“Saul is a symbol of just how essential ESPs are to meeting the needs of the whole student,” Madeloni wrote in her recommendation letter to the ESP of the Year Selection Committee. “Saul’s level of commitment is also reflected in his union involvement at the local, state, and national levels.”

Ramos is a member of four MTA committees: ESP, ethnic minority affairs, bylaws and rules, and the Equal Opportunity Council, which he serves as vice chair.

An advocate for English language learners and special education students, including the visually impaired, he was honored last year as an MTA Red Sox Most Valuable Educator at Fenway Park during a professional baseball game.

Within NEA, Ramos is a member of the Paraeducator Institute Work Group, and the Sexual Orientation and Gender Identity Committee. He is also the northeast regional director of the Hispanic Caucus.

Ramos is a recent graduate of the prestigious ESP Leaders for Tomorrow program. He mentors new ESPs and has attended many national conferences and training sessions as a facilitator.

In Worcester, Ramos helps to “ensure that his students are fully integrated into their school environment as a means for them to become as independent as possible in social and other settings,” Madeloni says.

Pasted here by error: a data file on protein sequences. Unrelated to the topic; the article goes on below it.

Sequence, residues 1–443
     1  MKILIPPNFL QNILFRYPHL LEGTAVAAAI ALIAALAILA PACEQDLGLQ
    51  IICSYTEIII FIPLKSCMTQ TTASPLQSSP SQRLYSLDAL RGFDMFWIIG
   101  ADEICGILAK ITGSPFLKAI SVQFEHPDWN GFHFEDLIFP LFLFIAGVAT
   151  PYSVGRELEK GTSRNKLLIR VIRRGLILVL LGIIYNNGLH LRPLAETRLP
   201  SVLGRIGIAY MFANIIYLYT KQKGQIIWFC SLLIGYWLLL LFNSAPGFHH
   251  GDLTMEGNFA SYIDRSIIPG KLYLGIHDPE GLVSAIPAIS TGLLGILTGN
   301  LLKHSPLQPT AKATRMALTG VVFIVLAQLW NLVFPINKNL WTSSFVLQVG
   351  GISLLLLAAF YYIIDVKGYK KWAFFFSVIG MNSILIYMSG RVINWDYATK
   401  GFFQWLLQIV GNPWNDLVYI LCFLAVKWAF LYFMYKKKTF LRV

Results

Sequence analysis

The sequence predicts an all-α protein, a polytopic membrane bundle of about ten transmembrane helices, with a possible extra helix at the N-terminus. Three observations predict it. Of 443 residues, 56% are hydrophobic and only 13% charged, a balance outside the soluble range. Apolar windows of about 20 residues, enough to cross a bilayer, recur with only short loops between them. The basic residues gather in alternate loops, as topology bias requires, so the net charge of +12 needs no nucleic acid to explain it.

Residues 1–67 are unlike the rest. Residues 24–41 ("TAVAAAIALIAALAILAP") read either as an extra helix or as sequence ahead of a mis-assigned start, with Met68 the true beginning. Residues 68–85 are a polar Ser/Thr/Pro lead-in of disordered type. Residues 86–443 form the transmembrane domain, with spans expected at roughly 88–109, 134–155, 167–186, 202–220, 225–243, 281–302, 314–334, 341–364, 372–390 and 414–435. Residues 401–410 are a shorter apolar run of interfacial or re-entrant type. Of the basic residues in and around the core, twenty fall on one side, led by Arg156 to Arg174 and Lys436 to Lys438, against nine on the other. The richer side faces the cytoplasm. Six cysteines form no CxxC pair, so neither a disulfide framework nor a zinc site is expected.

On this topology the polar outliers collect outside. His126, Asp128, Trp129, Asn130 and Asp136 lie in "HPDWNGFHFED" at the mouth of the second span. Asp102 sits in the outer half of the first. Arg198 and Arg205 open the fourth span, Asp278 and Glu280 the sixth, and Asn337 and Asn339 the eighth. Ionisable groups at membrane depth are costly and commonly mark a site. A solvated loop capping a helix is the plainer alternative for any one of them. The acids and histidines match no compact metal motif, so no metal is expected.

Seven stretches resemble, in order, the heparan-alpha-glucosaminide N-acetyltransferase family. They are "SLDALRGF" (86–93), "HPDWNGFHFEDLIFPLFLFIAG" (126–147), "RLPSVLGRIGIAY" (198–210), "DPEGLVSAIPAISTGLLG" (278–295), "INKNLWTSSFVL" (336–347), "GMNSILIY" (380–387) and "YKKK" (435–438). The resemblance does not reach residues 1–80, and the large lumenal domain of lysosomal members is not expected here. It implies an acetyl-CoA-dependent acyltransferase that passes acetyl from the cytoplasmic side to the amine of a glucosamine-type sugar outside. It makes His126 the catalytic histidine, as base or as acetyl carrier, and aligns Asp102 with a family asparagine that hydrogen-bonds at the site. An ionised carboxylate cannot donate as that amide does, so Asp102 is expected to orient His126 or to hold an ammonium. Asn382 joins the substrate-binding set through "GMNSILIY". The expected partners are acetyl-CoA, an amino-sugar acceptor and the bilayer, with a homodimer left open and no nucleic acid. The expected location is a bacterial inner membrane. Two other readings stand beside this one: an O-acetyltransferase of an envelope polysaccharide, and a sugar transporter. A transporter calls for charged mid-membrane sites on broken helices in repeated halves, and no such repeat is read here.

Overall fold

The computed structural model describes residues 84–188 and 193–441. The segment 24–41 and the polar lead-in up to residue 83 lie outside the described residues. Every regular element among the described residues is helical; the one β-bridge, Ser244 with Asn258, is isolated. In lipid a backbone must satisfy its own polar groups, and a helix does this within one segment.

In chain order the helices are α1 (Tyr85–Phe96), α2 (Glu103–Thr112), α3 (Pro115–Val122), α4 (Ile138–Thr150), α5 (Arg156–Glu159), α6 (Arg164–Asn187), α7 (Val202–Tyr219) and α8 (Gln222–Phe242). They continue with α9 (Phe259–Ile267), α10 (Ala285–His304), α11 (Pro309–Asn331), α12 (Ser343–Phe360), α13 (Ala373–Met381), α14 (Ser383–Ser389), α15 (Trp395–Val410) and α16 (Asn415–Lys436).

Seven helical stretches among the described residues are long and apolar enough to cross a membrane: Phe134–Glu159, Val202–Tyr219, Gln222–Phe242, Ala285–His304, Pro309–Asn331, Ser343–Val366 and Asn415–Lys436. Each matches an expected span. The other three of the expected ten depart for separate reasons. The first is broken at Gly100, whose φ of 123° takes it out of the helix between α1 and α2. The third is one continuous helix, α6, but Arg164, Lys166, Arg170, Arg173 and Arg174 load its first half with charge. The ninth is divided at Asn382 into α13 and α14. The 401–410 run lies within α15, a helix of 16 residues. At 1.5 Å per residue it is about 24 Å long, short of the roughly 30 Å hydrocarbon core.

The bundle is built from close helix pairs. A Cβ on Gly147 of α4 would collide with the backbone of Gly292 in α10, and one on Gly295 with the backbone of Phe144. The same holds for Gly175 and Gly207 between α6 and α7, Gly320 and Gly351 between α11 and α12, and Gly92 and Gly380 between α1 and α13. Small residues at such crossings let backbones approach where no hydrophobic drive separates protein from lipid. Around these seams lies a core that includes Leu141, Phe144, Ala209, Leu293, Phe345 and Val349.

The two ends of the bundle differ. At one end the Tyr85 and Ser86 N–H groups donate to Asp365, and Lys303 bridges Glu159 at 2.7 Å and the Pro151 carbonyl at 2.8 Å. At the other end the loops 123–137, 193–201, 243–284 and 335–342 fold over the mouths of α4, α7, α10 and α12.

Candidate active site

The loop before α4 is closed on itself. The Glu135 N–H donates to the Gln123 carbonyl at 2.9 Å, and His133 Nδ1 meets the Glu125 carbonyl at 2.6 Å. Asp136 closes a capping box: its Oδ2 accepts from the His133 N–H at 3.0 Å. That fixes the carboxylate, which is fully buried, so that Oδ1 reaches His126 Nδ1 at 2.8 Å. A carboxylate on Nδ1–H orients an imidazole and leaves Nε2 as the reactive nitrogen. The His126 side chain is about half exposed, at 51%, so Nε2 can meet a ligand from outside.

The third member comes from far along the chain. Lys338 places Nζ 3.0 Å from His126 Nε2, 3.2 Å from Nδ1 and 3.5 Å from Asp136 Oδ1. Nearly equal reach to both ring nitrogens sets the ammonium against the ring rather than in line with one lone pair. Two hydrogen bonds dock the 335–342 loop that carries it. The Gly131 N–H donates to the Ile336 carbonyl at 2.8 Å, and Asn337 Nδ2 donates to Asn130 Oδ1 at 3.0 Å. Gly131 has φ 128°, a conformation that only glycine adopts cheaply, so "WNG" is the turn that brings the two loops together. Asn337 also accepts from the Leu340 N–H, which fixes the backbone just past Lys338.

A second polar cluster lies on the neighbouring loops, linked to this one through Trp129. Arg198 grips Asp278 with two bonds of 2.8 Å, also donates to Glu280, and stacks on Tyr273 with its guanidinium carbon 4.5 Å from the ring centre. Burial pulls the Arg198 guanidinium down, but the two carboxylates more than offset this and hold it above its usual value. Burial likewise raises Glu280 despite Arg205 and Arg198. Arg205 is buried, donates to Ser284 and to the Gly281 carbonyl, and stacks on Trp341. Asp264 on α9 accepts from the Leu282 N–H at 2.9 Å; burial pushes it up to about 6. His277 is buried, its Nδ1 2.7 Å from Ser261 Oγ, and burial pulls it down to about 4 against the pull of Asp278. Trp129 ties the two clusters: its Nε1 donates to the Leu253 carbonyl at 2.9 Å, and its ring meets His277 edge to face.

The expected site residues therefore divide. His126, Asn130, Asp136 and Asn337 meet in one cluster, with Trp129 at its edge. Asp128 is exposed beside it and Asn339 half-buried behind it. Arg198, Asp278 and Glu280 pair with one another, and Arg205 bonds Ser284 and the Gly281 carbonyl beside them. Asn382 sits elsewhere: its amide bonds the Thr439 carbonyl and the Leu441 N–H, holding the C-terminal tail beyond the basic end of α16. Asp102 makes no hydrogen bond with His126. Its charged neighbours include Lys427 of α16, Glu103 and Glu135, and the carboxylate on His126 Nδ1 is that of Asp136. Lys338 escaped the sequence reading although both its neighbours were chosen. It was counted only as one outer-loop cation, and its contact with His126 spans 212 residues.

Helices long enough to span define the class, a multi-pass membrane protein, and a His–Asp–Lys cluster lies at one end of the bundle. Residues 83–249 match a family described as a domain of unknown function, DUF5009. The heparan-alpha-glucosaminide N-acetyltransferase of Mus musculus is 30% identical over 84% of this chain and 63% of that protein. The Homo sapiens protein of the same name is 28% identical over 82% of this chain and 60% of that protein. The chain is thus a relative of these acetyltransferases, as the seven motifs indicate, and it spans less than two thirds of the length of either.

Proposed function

“I know that with a lot of patience, understanding, and guidance, my students are capable of accomplishing anything any other student can,” Ramos says.

Born in San German, Puerto Rico, Ramos calls himself a “mixture” of his mother’s Spanish heritage, and his father’s roots, which are African and Tanoí (an indigenous people inhabiting the Caribbean and Florida). Ramos’ childhood was spent between Puerto Rico and Worcester, and he graduated from the island’s Laura Mercado High School in 1995.

“I am a passionate advocate for keeping our culture alive and making sure our community, especially our youth, are in touch with their roots and embrace the beauty of it.”

Ramos has created awareness of Latino culture by founding the nonprofit Arte Latino of New England where he serves as artistic director. He is also co-executive director of the Providence Latin American Film Festival in Rhode Island.

The newly elected mayor of Providence recently appointed Ramos to the transition team for education, arts, and culture.

“Art is one of the greatest ways that humans can express their whole spirit,” Ramos says. “I hope that all educators will remember that among their students, they may have a budding artist who should be challenged and motivated to explore their craft.”